When David Muntz left his position as Principal Deputy National Coordinator for Health IT at the Office of the National Coordinator for Health IT (ONC) last October 5, many in healthcare wondered what his next moves might be. As Muntz said in his first post-ONC industry interview, on Oct. 7,
his transition to the position of senior vice president and chief information officer at GetWellNetwork, an interactive patient engagement solutions provider based in Bethesda, Md.,
truly reflected his desire to continue to follow his journey of service to the healthcare industry, in this case, as a senior executive at a vendor company.
Still, Muntz remains deeply engaged in following recent developments in the healthcare policy sphere, and sat down on Feb. 25, during HIMSS14, the annual conference of the Healthcare Information and Management Systems society, being held at the Orange County Convention Center in Orlando, Fla., with Editor-in-Chief Mark Hagland, to discuss his perspectives on policy and industry trends. Below are excerpts from that interview.
You left federal service in October. How does the world look?
It looks good. It looks more peaceful.
What were your biggest learnings from being in government?
The government is filled with very intelligent, very passionate people, whose intentions are both honorable and broad. And they work for a lot less money and longer hours than most people would work, so the typical comments you hear about government are just not right. On the other hand, what you do see is, to create great policies, you really should have a deep understanding of the industries you’re trying to regulate. And there was an absence of the tools for that [at ONC]. So Farzad [Mostashari, M.D., the former National Coordinator for Health IT] purposely went out and found people, including me, Judy Murphy, [R.N., Deputy National Coordinator for Programs and Policy] and Jacob Reider [M.D., Chief Medical Officer].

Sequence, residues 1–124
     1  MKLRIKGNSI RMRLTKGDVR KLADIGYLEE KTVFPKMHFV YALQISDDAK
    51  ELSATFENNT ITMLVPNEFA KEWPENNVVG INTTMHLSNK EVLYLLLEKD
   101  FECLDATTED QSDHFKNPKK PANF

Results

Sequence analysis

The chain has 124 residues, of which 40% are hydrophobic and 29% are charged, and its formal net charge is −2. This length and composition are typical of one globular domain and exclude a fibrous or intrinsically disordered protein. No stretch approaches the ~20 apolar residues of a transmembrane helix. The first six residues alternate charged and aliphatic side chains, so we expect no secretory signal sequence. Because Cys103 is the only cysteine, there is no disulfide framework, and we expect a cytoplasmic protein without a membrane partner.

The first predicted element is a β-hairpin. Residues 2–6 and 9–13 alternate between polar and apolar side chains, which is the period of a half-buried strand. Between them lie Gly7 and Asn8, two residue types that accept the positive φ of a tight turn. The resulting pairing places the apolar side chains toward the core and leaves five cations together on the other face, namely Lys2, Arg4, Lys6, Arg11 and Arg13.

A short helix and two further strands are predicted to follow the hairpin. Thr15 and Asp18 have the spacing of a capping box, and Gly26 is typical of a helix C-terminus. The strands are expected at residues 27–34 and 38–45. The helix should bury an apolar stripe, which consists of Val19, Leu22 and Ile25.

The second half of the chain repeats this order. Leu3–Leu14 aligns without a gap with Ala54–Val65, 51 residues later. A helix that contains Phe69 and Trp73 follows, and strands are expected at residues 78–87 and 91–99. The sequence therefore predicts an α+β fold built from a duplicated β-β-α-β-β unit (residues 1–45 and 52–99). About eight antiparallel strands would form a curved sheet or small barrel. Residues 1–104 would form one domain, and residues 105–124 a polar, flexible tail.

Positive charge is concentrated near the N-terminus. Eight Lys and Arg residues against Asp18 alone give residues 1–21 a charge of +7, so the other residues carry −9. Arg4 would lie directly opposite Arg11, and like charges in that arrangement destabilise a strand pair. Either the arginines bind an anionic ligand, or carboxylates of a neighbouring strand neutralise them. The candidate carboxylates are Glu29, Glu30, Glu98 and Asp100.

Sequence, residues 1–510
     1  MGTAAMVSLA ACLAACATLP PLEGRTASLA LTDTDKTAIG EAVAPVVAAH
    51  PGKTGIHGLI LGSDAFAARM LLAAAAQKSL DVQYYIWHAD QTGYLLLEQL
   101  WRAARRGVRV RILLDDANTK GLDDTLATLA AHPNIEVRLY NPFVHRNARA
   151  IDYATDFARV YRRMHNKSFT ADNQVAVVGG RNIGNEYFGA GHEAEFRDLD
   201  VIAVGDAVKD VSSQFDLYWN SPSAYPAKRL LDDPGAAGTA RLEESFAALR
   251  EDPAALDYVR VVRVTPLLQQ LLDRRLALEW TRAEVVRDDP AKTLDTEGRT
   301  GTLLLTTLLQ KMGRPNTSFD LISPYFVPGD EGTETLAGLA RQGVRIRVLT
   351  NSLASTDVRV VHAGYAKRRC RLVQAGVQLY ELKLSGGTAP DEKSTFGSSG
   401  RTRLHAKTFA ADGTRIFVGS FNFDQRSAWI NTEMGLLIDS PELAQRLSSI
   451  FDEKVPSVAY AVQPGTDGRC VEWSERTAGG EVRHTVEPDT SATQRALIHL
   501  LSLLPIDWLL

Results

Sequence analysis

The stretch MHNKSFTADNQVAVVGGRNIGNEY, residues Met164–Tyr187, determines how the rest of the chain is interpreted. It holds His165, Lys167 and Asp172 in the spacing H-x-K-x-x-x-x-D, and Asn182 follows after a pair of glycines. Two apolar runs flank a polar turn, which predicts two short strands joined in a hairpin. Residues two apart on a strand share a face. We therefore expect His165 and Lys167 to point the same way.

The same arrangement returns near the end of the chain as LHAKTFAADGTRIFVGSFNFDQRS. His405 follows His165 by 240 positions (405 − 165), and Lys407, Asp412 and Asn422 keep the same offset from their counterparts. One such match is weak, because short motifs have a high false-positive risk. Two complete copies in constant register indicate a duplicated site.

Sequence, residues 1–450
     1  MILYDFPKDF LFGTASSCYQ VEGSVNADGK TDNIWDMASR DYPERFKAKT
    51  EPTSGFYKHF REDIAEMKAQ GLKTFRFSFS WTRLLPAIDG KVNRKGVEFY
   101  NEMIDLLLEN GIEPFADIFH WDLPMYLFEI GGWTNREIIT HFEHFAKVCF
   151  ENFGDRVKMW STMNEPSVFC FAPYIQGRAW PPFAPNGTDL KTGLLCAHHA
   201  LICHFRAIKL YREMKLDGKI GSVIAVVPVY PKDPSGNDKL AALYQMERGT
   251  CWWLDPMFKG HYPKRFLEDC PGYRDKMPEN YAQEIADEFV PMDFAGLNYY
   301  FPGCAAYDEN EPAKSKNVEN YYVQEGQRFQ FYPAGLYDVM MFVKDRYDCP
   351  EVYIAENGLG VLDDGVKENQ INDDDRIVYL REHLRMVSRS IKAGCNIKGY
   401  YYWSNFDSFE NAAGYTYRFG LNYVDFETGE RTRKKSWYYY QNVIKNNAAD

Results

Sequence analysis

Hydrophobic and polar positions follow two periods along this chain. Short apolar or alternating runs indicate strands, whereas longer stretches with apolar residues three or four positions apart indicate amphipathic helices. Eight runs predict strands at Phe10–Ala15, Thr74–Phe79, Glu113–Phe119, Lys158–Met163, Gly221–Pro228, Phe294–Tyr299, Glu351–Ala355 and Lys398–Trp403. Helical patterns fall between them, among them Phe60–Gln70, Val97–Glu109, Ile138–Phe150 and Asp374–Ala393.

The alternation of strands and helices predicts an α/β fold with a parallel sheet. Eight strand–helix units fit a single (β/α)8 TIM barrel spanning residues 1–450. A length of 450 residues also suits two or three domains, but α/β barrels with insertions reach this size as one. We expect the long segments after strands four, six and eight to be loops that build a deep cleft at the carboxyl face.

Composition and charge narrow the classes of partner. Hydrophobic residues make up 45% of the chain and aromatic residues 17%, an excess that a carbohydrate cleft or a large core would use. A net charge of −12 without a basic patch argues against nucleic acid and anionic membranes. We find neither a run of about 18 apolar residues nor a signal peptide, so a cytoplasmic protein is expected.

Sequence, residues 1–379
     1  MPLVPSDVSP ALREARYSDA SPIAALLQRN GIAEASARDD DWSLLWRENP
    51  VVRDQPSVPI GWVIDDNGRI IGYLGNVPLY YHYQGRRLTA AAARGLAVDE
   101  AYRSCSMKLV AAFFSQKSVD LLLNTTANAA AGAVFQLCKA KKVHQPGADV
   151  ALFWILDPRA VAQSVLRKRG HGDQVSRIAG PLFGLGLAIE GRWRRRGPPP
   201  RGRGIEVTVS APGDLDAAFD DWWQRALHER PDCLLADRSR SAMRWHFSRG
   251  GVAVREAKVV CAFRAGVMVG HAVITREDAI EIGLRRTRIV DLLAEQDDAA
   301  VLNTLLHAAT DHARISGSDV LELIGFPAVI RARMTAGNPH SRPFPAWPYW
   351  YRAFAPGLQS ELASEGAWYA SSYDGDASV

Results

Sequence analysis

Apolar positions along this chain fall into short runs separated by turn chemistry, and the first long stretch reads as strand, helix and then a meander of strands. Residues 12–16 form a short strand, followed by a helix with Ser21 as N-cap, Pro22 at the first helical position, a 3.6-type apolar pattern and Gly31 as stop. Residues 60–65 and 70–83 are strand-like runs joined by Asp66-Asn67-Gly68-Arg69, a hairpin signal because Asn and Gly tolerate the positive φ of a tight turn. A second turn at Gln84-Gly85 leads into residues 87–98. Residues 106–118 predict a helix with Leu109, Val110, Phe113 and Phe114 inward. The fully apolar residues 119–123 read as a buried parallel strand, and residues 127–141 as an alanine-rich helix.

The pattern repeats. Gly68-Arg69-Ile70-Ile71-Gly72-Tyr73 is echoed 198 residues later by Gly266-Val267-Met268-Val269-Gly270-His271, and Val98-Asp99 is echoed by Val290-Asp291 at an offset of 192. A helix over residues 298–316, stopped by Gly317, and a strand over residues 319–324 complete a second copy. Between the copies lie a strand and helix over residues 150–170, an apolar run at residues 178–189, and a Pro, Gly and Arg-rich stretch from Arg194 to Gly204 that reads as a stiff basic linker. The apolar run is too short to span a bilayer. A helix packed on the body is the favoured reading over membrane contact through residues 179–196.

And sometimes, even with adjustments like that, things still don’t always hit the mark. And also, as a generalization, with regard to politics, people practicing politics in the private sector usually have an outcome they’re trying to achieve, and there is a product or service they’re trying to create. In the government, the outcome is a policy, and sometimes, we hit the mark perfectly, and sometimes we miss. If it hadn’t been for the government, we would still not have the EHR [electronic health record] penetration we need. So the HITECH [Health Information Technology for Economic and Clinical Health] Act was an absolutely needed thing. On the other hand, I heard the word “lever” used a lot, as in, “Let’s use this policy as a lever to achieve a goal in the industry.” And sometimes, there’s a limit to that.